Abortion reform continues to be a major headache for the administration of Prime Minister Mariano Rajoy. Ever since December, when the Cabinet approved the controversial changes – which critics say will take Spain back 30 years – opposition has been growing on the streets, in parliament and even within the ruling Popular Party (PP) itself, some of whose members have spoken out against the reforms.
In the wake of a historically large street protest held on March 8, International Women's Day, Spain's two most populated regions – Andalusia and Catalonia – are asking the Justice Ministry to pull the law altogether. Smaller autonomous communities, such as Asturias, the Basque Country and the Canary Islands, also oppose it, calling it “a regression” and “a frankly incomprehensible step backward.”
Faced with so much opposition, the author of the reform, Justice Minister Alberto Ruiz-Gallardón – whose popularity ratings have plummeted since he left the post of mayor of Madrid – is working on a few minor changes to the legislation based on reports he commissioned from several agencies.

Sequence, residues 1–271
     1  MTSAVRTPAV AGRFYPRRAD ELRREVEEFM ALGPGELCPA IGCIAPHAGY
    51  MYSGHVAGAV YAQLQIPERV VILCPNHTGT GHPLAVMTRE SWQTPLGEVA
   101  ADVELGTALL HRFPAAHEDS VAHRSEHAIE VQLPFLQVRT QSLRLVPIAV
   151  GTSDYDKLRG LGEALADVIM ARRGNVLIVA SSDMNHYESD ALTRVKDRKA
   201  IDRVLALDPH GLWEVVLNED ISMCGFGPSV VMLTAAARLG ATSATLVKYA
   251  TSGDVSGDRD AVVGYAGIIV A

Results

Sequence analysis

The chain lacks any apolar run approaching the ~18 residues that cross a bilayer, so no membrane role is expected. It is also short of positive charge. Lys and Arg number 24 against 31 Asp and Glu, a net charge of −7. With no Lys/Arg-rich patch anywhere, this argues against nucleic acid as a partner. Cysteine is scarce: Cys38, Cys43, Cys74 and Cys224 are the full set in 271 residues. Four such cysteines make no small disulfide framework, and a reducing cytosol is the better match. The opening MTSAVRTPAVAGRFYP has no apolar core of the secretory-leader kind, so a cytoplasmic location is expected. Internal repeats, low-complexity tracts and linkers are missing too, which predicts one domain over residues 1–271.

The changes will only affect the most controversial part of the bill, involving accredited fetal deformities, which Gallardón wanted to eliminate as a valid reason for abortion. Other changes to the law will remain untouched, including the elimination of abortion on demand in the first 14 weeks. Instead, Spain will go back to an earlier system, which prohibits pregnancy terminations except for specific situations such as rape or danger to the mother's physical or mental health.
As it stands now, the bill does allow abortion when the fetus suffers from severe deformities, but only if it poses a genuine risk to the mother's mental health. Critics hold that women should not have to be considered mentally unbalanced to access abortion in these cases.
Even Prime Minister Rajoy has suggested that the new legislation might ultimately end up looking a lot like the 1985 abortion law, which did allow terminations in the event of fetal deformities. Sources in the executive confirmed that this is the direction where efforts are headed, in a bid to build some consensus around this controversial piece of legislation, which has even left Spanish Catholics divided.
The PP, which is already busy dealing with the economic crisis and the backlash against its austerity measures, is anxious to forge agreements over this socially sensitive issue. Yet it is unlikely that any party outside the ruling conservatives will support the elimination of the current legislation, which was passed under the earlier Socialist administration and brought Spain in line with the majority of European countries.
With reporting by Reyes Rincón, Miquel Noguer and Xosé Hermida.